With more than 50 million people watching and the presidency at stake, the candidates will meet for their first debate on Wednesday at the University of Denver, and both are cramming like college students before an exam. But it is not enough to pore through the voluminous briefing books. Victory may come down to a single exchange, or a single impression, an answer that comes off as too edgy or, conversely, as too long-winded.
Mr. Obama’s team records his practices to sharpen his responses so that they connect on a more visceral level with the television audience. One of Mr. Romney’s aides calculated his words-per-minute rate in the primary campaign debates to break him of the habit of feeling that he needs to rattle off the most statistics.
Mr. Romney’s team has concluded that debates are about creating moments and has equipped him with a series of zingers that he has memorized and has been practicing on aides since August. His strategy includes luring the president into appearing smug or evasive about his responsibility for the economy.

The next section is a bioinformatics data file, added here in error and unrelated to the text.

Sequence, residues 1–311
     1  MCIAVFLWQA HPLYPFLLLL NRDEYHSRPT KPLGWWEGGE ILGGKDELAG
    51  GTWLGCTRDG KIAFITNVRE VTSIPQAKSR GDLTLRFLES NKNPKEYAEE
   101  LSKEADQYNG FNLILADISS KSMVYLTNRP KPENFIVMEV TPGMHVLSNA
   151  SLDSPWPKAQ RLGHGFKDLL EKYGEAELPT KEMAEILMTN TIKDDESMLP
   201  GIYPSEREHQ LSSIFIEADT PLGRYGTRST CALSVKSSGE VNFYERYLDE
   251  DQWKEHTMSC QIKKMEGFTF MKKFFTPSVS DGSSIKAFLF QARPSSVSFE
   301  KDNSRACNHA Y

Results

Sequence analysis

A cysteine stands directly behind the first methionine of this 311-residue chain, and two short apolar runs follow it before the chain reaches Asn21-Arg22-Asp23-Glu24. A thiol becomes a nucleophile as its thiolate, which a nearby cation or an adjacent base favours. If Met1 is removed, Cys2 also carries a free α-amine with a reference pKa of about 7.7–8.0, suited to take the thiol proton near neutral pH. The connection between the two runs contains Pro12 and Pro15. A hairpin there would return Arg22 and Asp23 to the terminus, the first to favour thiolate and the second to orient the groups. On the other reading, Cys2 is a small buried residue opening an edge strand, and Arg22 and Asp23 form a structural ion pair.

Mr. Obama is not particularly fluid in sound bites, so his team is aiming for a workmanlike performance like his speech at the Democratic convention. He is looking to show that Mr. Romney would drive the country in an extreme ideological direction at odds with the interests of the middle class.
It’s also worth noting that this is the first presidential debate in which the candidates know the topics and number of questions of those topics beforehand.
I call shenanigans. If I don’t get that before my exams, they don’t get that before the debate.
“Mr. Romney’s team … has equipped him with a series of zingers that he has memorized and has been practicing ….”
The tricky part about programming the Romneybot 2000 is that he might let out the wrong zinger at the wrong time.